Tuesday, January 5, 2010

Vehicles and the Importance of Headlight Aiming

Since the bygone days of when electrically powered headlights replaced the primitive lamps fueled by either acetylene or kerosene on cars and vehicles, motorists have been able to travel much more safely and have far greater control over illuminating the darkened road ahead.

Electric headlights on cars first made their debut in the very late 1800s and then started to become more popular when Cadillac implemented them into their models in the year 1912. A short year later, other GM vehicles began following suit and from the years of 1920 to 1940, all cars manufactured featured replaceable bulbs made for each manufacturer's proprietary headlamp unit. Just after that, a brand new technology would become available that would help drivers make their way throughout the night with the greatest of ease.

Right before 1950, the introduction of round, standardized, sealed-beam units took the automotive industry by storm. Regulations all throughout Europe still allowed motorists there to use headlights with replaceable bulbs as they had in the past, but across the ocean in the United States, it was soon enacted that the round, sealed-beams were the standard. Shortly after that, rectangular sealed-beams made their debut and further improved the ability to better direct and aim headlights.

By the time the mid 1980s rolled around, U.S. made cars were a bit behind their European made counterparts where regulations were now in place allowing aerodynamic headlamps, also with replaceable bulbs for convenience and price concerns, to be used, taking the act of headlight aiming to a whole new level. These aerodynamic headlamps are still widely used today with the only recent improvement being the addition of high intensity discharge (HID) lights available on many makes and models of cars.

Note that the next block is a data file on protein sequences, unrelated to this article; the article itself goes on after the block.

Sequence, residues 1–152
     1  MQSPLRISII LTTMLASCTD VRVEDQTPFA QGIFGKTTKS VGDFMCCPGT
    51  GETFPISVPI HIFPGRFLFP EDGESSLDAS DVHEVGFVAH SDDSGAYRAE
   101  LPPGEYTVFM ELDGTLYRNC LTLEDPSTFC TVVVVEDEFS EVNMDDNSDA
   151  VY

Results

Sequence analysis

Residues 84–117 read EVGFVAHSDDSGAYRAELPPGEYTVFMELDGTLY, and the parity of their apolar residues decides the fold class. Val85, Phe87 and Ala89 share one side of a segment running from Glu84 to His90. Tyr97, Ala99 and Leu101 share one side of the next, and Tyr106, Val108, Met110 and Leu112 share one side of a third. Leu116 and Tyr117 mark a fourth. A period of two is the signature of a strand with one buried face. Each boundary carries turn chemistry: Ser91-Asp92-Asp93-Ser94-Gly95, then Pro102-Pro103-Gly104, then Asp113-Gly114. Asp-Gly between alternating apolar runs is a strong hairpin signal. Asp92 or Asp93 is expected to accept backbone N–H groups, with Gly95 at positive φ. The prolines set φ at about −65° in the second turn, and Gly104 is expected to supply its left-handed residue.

HID lights typically have a bluish cast to them, which is caused by two electrodes within the bulb and an arc of light bouncing between them. HID lights do illuminate a dark road better, but the risk of blinding other motorists is great if they aren't aligned and aimed properly. There are even regular bulbs with a blue hue to them to resemble HID headlights but these imitations don't provide the additional light.

In Europe, regulations mandate that high intensity discharge headlamps be used in cars with leveling systems in place to avoid dangerously impeding the view of other drivers. Many high end vehicles sold in the U.S. also come standard with a headlamp leveling system although it's not yet a requirement.

Whatever the type of headlamps used, in countries like Canada, headlight aiming on vehicles is regulated by Transport Canada, although each private manufacturer still holds their own lighting specifications to provide the ultimate in safe illumination. Wattage standards are also in place and high beams are allowed to emit no more than 70 watts while low beams should be no brighter than 60 watts. While there are bulbs with higher watts available, these are not allowed to be used on public roadways and must instead be reserved for off-road use.

Many motorists are unaware that factors such as vehicle load can have an effect on headlight aiming. When too much weight is in the back of the vehicle, the headlights will point more skyward. Some models of SUVs now have an automatic load-leveling suspension system that will take care of the problem for you. Other things like a fender-bender or minor collision can also cause the beam of headlights to be uneven.

To check the aim of your car's headlights yourself, park about twenty five feet, or seven and a half meters, away from a plain wall or garage door on a dark night and see where the aim of light is. For the low beams, the aim should be, of course, slightly lower than the aim of high beams and level with one another. When the headlamps are on the high beam setting, the aim should be bright in the center and evenly leveled.

If the aim is not even, have the lights adjusted and aligned for the best illumination and safest nighttime driving. The key is illuminating the widest part of the road ahead but without blinding any oncoming drivers. Check the car's headlamps yourself once a year or have your mechanic do it when you have the vehicle inspected.

Never forget the great importance of headlight aiming as not only does it allow you to see a portion of the upcoming road far better, but it also allows other oncoming motorists to see you in plenty of time to react if need be.